The reason rings work so well is because like I said lightning, or at least any you need to worry about travels the surface of the ground. Ground Rings are proven to be extremely effective lightning protection like a Faraday Cage that shunts the current around you. Ground Rings do the exact same thing, they shunt lightning current around the Protected Area. Most folks think the impedance is important, but it is not as it will be whatever it is. Makes no difference if it is 5 or 500 ohms dirt ground. The trick or art of Lightning Protection is to direct dangerous energy away from the Protected Area. That is exactly what a Ground Ring with Radials going away from Protected Area. So what is the Impedance of such a system employing Ground Ring and Radials? Don't know, don't care. It is what it is. It is the design, not the impedance.

    FWIW another trick you can use from commercial operations is proper bonding of the coax shield(s). Most hams struggle with meeting minimum code requirements of bonding the coax where it enters the shack, and may or may not use an ADU. Commercial operators bond the coax multiple times; Tower top, mid tower, where the coax breaks off the tower, where it enters the shelter on the outside, and again inside with the ADU. Works just like the Ground Ring. You are Shunting current off the coax, and directing it to where you want it to go, DIRT and away from shelter. Once the coax enters the shelter, there is so little energy left it is harmless and the ADU discharges it to safe tolerable levels. It is a rare event for a commercial operator to suffer any lightning damage despite being hit just about every thunderstorm that passes by. Some towers multiple times each storm. That is no accident.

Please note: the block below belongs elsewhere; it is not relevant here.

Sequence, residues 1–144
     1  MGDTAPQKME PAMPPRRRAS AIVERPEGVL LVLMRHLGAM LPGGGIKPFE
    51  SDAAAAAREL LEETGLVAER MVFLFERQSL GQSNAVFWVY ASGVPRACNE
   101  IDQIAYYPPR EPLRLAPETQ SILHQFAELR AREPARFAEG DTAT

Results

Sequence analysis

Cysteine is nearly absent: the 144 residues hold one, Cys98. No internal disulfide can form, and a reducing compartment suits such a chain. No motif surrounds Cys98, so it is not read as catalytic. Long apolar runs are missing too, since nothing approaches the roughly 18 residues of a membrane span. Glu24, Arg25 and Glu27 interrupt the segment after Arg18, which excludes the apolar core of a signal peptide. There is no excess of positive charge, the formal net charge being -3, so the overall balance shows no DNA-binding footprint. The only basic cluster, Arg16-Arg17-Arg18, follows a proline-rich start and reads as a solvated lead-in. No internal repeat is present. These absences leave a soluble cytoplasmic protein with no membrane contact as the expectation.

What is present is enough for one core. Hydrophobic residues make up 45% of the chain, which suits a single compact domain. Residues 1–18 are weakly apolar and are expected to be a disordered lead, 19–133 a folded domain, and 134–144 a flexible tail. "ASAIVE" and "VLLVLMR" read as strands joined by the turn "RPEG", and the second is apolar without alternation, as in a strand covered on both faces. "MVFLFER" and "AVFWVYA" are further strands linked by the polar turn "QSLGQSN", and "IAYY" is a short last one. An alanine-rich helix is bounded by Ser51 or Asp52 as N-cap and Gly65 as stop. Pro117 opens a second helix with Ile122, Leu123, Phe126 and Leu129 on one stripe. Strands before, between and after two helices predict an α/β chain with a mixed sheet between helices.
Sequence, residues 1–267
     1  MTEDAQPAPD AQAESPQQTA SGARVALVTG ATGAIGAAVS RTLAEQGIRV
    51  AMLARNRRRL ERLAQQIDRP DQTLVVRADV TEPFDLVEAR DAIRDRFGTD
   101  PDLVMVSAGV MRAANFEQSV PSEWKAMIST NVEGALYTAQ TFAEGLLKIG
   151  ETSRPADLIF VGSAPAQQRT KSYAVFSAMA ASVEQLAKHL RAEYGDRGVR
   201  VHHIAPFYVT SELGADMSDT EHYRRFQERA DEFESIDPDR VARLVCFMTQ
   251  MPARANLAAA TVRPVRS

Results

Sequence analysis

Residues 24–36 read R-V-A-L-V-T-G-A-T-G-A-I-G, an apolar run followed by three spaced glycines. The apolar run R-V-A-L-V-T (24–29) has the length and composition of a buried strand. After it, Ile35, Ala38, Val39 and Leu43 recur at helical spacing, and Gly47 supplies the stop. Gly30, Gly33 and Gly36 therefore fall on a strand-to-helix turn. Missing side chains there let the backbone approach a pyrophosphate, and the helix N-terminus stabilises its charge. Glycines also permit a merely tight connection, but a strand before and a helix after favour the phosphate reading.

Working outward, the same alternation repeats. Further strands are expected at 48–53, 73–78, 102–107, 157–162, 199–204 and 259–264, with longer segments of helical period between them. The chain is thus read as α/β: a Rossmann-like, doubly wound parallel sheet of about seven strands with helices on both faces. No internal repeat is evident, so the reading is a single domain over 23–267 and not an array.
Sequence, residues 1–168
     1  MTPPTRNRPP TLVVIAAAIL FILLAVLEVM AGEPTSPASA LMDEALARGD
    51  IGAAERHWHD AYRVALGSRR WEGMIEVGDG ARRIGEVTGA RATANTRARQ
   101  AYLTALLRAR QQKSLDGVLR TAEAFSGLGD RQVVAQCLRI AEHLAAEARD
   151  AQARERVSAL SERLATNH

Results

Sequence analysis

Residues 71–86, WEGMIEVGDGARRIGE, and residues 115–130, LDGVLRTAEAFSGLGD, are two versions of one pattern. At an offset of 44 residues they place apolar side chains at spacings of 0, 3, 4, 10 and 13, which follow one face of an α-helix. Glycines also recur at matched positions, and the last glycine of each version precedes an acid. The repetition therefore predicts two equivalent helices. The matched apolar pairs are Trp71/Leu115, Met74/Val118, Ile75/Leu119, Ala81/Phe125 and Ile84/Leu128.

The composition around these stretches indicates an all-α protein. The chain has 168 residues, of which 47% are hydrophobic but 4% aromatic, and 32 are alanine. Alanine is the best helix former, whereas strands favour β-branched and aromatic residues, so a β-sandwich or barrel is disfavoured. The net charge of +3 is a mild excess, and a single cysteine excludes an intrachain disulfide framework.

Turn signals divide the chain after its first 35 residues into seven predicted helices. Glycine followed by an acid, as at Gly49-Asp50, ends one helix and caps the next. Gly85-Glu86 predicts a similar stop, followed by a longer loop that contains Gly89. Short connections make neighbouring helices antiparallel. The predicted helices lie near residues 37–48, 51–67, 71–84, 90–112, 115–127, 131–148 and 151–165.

[​IMG]
     
    KX4O likes this.
  10. N5YPJ

    N5YPJ QRZ Moderator QRZ Page

    Looking for suggestions on lightning surge protection devices for the cable TV - internet service line entering the house near the electrical service entrance. Are there any more worthwhile devices than the "spark gap" units the cable company installs? The house wiring is the older 2 wire 120 VAC system so I am not so sure how much protection the MOV "plug in the outlet" suppressor strips afford. Looking to protect cable modem, routers, desktop PC and TV sets. FWIW the house has a flat roof and sits on a slab so upgrading the wiring in the house is not financially feasible though service entrance & subpanel were professionally upgraded to code specs.

    Thanks for reading and your time!

    Richard